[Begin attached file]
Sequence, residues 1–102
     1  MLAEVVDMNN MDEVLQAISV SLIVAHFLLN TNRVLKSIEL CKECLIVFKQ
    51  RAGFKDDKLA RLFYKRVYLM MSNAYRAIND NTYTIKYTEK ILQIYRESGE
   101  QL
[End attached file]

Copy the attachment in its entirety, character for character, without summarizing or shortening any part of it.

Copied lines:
Sequence, residues 1–102
     1  MLAEVVDMNN MDEVLQAISV SLIVAHFLLN TNRVLKSIEL CKECLIVFKQ
    51  RAGFKDDKLA RLFYKRVYLM MSNAYRAIND NTYTIKYTEK ILQIYRESGE
   101  QL